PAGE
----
Prior to 2001, the department paid the Network nearly $700,000 a year to provide technical assistance and data management to its member agencies; this data on CINS/FINS activities is provided to the Legislature and the federal government for funding purposes. Currently, the department pays the Network $1.2 million annually, an increase of approximately $500,000, to perform a variety of functions, several of which predate the single contract. The $1.2

    1 The Agency for Health Care Administration and the Department

    of Children and Families use single contracts with networks of behavioral health providers, the Department of Children and Families uses single contracts with lead agencies for child welfare services and domestic violence services, and the Department of Elder Affairs uses single contracts with Aging Resource Centers that mange networks of elder service providers.

  • Report No. 09-01 OPPAGA Report


    million represents approximately 4% of the total $29.5 million contract.

    The state derives several benefits from its single contract with the Network. It reduces the need for department staffing and places oversight responsibility and accountability with Network staff that is knowledgeable about services for truant, runaway, and ungovernable youth. In addition, the Network’s centralized team of monitors provides consistency and uniformity, whereas department monitors are located in different judicial circuits across the state. The staff employed by the Network contractors has considerably more experience than the department employees performing contract monitoring duties. In addition, because the Network owns the data system it uses to report information to the department and the federal government, and can extract information from it in real time on an ad hoc basis, it can respond quickly to changes in utilization trends by shifting resources to areas with greater demand for services.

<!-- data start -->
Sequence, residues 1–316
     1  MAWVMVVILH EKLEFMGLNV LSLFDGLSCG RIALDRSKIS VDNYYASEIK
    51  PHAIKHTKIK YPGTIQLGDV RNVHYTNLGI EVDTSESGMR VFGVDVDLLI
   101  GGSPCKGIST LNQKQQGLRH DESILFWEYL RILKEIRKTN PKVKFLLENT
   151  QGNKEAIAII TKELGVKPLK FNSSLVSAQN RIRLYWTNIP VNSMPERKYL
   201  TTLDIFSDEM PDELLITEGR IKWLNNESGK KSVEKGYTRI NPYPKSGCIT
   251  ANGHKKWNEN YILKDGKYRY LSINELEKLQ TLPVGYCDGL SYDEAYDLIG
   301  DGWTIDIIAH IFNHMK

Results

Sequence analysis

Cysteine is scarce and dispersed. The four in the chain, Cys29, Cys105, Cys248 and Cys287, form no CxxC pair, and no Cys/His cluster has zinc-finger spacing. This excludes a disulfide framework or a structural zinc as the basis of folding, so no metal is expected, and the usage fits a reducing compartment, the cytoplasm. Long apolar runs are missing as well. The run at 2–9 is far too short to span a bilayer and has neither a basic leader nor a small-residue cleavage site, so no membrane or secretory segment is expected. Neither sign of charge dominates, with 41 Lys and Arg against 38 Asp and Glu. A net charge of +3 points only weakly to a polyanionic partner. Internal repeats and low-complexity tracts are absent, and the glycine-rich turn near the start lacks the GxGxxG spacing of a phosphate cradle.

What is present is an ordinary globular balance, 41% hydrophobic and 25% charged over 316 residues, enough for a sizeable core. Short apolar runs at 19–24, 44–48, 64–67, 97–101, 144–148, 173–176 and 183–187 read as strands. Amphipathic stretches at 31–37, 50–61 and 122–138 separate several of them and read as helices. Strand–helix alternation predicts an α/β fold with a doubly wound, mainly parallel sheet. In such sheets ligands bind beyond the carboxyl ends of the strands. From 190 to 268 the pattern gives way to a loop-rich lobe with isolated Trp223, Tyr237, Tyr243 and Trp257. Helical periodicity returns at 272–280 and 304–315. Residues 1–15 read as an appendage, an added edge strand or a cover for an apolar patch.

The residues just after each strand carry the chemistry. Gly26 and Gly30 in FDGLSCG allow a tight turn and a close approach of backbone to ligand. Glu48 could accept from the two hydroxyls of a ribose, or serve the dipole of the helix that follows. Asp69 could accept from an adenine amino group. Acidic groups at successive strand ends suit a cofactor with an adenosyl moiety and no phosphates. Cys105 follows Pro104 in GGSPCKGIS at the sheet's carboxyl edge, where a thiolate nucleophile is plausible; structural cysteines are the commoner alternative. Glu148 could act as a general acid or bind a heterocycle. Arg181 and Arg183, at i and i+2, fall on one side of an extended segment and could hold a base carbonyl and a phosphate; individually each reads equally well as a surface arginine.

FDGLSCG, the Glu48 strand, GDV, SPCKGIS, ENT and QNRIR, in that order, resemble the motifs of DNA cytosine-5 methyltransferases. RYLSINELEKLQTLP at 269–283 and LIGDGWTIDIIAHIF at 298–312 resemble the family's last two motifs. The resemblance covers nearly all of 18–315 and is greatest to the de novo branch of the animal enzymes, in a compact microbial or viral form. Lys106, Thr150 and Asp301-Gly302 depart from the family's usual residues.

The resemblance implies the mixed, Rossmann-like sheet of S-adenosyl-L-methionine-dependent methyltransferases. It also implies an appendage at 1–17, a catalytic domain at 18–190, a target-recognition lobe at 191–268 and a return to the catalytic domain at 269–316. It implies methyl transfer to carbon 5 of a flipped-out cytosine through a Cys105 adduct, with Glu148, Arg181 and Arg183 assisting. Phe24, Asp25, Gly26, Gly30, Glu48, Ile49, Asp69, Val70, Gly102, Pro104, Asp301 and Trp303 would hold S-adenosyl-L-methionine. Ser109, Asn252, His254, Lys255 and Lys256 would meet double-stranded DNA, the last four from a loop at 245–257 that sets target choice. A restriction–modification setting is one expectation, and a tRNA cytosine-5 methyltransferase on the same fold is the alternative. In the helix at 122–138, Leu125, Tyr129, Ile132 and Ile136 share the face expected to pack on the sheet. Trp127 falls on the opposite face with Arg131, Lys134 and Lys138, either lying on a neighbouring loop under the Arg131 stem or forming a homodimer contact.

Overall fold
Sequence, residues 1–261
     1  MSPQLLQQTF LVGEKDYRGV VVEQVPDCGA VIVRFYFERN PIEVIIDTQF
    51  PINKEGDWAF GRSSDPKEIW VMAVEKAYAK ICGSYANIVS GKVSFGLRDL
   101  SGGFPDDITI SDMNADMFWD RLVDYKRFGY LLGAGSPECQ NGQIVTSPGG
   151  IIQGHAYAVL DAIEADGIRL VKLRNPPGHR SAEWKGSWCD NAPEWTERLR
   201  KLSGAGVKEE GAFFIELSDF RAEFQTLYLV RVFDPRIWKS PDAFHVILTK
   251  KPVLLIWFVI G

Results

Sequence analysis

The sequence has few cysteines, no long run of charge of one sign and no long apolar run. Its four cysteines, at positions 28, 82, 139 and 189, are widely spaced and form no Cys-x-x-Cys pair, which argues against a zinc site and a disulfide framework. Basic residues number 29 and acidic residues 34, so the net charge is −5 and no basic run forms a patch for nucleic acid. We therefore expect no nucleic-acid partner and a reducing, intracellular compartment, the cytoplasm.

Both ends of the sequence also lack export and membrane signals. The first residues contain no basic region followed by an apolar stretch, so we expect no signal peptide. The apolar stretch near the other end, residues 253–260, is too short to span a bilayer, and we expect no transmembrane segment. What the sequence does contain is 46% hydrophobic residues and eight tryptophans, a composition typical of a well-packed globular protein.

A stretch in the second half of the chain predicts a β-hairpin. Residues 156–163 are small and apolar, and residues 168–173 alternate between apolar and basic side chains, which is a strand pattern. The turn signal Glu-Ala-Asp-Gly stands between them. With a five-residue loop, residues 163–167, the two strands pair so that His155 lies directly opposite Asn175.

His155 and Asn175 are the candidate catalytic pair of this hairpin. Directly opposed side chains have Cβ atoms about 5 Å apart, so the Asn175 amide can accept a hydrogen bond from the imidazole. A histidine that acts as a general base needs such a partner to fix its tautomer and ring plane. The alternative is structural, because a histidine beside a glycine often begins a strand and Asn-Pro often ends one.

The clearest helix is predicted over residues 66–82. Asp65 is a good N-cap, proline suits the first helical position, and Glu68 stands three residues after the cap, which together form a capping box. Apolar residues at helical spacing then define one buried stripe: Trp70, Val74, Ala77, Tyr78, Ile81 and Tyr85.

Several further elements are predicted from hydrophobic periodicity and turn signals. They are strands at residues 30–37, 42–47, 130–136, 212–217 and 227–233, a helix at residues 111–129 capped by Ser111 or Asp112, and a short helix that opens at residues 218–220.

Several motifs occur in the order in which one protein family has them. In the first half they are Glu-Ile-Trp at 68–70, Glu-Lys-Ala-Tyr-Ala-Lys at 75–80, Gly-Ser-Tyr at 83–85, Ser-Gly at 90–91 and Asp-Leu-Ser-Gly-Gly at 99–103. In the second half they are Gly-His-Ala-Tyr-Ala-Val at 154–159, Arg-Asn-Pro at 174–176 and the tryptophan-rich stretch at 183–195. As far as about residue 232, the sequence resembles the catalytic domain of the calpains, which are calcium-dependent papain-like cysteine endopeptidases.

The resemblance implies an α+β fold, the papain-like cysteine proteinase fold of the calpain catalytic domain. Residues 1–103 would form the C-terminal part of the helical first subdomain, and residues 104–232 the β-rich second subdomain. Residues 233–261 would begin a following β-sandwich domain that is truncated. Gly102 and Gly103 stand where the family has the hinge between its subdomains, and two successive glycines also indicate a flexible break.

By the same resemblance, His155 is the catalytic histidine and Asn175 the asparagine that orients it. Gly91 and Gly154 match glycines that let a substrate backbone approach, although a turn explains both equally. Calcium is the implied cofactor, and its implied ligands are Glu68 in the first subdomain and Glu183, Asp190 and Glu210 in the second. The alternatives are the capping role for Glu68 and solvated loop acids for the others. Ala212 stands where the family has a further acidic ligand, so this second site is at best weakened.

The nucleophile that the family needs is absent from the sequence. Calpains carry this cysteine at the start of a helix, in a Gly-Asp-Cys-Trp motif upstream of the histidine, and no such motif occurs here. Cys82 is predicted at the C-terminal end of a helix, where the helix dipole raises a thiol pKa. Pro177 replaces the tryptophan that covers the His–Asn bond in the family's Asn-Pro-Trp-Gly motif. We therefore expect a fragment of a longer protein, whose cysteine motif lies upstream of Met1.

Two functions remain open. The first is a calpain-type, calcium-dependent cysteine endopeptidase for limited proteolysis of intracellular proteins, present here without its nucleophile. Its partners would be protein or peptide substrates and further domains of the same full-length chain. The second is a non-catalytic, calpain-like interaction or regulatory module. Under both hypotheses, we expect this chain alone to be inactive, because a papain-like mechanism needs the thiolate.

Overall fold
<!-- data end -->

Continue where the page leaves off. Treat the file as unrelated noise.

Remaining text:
Eliminating the single contract could disrupt CINS/FINS service consistency and quality throughout the state. Prior to the single contract, department contracts with individual providers were negotiated independently at the local level, resulting in differing contract goals, objectives, and outcome standards for providers who offer the same services throughout the state.

    The department would need to expand its staff if it were to resume managing and monitoring the individual CINS/FINS contracts. 2 OPPAGA reviews of the department have noted pervasive weaknesses in the department’s contract administration and oversight. 3

    2 The department’s Office of Prevention and Victim Services was

    reduced from 94 to 17 positions in 2001. Seventeen of the positions eliminated were involved with grant and contract management, which included Network and PACE local contracts, as well as state grants. Today, the department has 10 positions statewide managing its local grants. While these positions are no longer responsible for managing the individual Network and PACE contracts, the